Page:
“Nazareth’ has figured prominently in the Infancy Narratives of Luke, but Luke reminds us that it was where Jesus had been brought up. Jesus is faithful to the tradition he received from his fore fathers, and does not flout rules for the sake of flouting them. He is not an armchair critic. Standing to read was customary. While he taught, he would sit. There were many parts to the worship in a Jewish synagogue, and various people might have been asked to lead in reading or praying. Luke’s description of Jesus finding the place where the verses quoted from Isaiah occur probably means that Jesus himself chose this passage. The scriptures would be read in Hebrew and then interpreted in Aramaic. Jesus could have chosen a text which spoke about the glory of the Prophet, or about God’s Chosen One (see for example Isaiah 63), yet, he chooses a text where he will as Prophet and Chosen One spend himself in service.
The reading is from Isa 61,1-2a and 58,6. Luke, however, omits “to bind up the broken hearted of Isa 61,1 and adds from Isa 58,6, “to set at liberty those who are oppressed”. The threefold repetition of the pronoun “me” is an indication that this passage describes the ministry of Jesus rather than Isaiah. It is also important to note that Jesus in Luke does not go on to read the second part of Isaiah 61,2 “and the day of vengeance of our God.”
1. Significantly, Jesus’ work will be good news to the poor. The “poor” figure more prominently in Jesus’ teachings in Luke than in any other Gospel (see Lk 14,13.21; 16,20.22; 18,22; 21,3).
2. Jesus released persons from various forms of bondage and oppression: economic (the poor), physical (the lame, the crippled); political the condemned) and demonic.
3. The restoration of sight to the blind was closely associated with the prophetic vision of fulfilment of God’s promises to Israel. When Jesus restores sight to the blind (Lk 7,21-22; 18,35) he is dramatically fulfilling the role of the one who would be “ a light for the nations” (Lk 2,32).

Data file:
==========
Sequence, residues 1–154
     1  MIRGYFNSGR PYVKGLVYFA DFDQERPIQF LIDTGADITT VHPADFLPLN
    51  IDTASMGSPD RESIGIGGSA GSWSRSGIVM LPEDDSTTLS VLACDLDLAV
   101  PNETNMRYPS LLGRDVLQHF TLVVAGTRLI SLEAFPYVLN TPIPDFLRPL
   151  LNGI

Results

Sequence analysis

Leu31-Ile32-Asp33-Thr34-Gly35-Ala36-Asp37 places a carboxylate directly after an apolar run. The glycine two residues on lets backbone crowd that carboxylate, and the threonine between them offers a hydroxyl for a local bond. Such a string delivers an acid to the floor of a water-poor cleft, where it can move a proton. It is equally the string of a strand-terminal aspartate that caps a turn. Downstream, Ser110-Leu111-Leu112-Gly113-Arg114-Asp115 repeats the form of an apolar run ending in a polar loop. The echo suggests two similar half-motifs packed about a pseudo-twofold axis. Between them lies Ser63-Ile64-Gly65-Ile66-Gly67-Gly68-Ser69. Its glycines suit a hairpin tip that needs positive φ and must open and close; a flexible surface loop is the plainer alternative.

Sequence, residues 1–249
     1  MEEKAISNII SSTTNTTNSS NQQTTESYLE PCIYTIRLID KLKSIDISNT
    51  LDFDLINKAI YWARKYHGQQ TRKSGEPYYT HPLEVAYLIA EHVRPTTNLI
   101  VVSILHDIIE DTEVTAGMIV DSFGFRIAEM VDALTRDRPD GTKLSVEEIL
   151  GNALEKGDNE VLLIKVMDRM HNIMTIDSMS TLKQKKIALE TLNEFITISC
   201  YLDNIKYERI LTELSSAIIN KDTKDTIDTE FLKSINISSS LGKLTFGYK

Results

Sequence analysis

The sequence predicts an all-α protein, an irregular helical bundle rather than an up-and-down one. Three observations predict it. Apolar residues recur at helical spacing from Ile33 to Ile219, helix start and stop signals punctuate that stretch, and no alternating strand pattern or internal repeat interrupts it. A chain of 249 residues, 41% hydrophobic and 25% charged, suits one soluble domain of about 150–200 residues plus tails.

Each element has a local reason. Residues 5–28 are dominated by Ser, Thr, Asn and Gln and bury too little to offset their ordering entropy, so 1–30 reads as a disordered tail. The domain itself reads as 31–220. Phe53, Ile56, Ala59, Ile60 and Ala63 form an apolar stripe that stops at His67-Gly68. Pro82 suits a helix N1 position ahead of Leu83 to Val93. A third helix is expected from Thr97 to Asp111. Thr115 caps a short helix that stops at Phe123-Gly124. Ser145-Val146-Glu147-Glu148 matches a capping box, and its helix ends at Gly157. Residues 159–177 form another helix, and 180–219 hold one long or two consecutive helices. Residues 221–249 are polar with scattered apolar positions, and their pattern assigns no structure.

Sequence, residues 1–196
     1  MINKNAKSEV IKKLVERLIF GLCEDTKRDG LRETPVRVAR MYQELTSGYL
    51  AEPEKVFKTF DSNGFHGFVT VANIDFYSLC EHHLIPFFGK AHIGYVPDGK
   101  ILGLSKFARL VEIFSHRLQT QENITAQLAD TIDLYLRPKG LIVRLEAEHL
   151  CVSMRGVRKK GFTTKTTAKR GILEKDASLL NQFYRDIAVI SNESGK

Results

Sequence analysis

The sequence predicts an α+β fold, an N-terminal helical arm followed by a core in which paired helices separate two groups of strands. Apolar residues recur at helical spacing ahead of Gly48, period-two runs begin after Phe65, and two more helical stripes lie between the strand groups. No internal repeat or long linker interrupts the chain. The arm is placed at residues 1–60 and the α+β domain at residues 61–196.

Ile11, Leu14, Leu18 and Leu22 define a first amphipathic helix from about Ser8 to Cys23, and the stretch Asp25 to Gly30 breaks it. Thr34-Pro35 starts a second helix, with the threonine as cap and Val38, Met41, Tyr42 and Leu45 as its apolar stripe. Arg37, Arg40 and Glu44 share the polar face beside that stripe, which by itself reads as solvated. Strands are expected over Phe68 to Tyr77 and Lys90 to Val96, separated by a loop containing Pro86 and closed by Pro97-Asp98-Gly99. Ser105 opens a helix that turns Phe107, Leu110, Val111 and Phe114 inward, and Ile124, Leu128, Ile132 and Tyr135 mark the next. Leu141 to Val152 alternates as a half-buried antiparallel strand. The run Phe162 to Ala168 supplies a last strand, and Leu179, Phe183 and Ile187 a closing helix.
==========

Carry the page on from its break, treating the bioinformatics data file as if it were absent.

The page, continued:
4. “the acceptable year of the Lord” In Isaiah, this term refers to the Jubilee year legislation in Lev. 25. Following a series of seven sevens (forty nine), the fiftieth year was to be a time of liberty (Lev 25,10). The coming of Jesus means that the liberation of the impoverished and oppressed had come.
Jesus followed the usual practice of rolling the scroll and giving it back to the attendant. The posture of sitting was the usual posture when teaching. (See how in Mt 5,1-2 when Jesus goes up to the mountain, he sits down before beginning to teach). Through his first words to the people in the synagogue, “Today, this scripture has been fulfilled in your hearing”, Jesus conveys that the centuries of waiting on God’s blessing and promises have ended.
There is initial enthusiasm for Jesus’ announcement. This is a positive response to what he has said. They are happy because what they hear suits them. It fits in with their way of thinking. The question, “Is not this Joseph’s son?” need not be hostile, especially because earlier Luke reports that all spoke well of him. It might be paraphrased in this manner; who would have thought that someone who grew up in our village could reach so far?
Jesus interprets the crowd to say that he must begin in his own hometown what he has been doing in so many other places. They are ready to receive God’s blessing.
While this proverb, “Truly (Amen) I tell you, no prophet is accepted in the prophet’s hometown” is also found in Matthew (13,57), Mark (6,4) and John (4,44), the form varies. Luke is the only one of the four who introduces the proverb with “Amen”. In Luke like in John, there is no exception clause (which is found in Matthew and Mark –“except in his own country and in his own (house”). Luke changes the word “honour” found in the other three forms and substitutes it with “accepted”. The word “hometown” can also mean “home country”, and anticipates the rejection of Jesus in Nazareth and also in the whole of Israel. The examples of Elijah and Elisha serve as a reminder that God’s blessings are not restricted to only a few but are available for all. Also the blessings will not be forced on anyone, but must be accepted with an open heart as gift. The passive verbs imply God’s direction: God closed the heavens (4,25), God sent Elijah (4,26) and God cleansed Naaman (4,27 see also 2 Kings 5,1-14).
At first Jesus had seemed to be promising them the blessings. He was saying what they wanted to hear. But now, he had said something different. He had woken them from their stupor. He had challenged them to get out of their complacency. He had taken them beyond boundaries and stereotypes, and had spoken about the graciousness and magnanimity of God’s unmerited blessing.
“went on his way” may be translated “he was going on”. Through this Luke makes clear that he does not want anyone to read that Jesus had a miraculous deliverance, but that Jesus would remain steadfast and resolute no matter what the consequences. Human power and objections could not come in the way of his mission to proclaim God’s justice and unconditional love.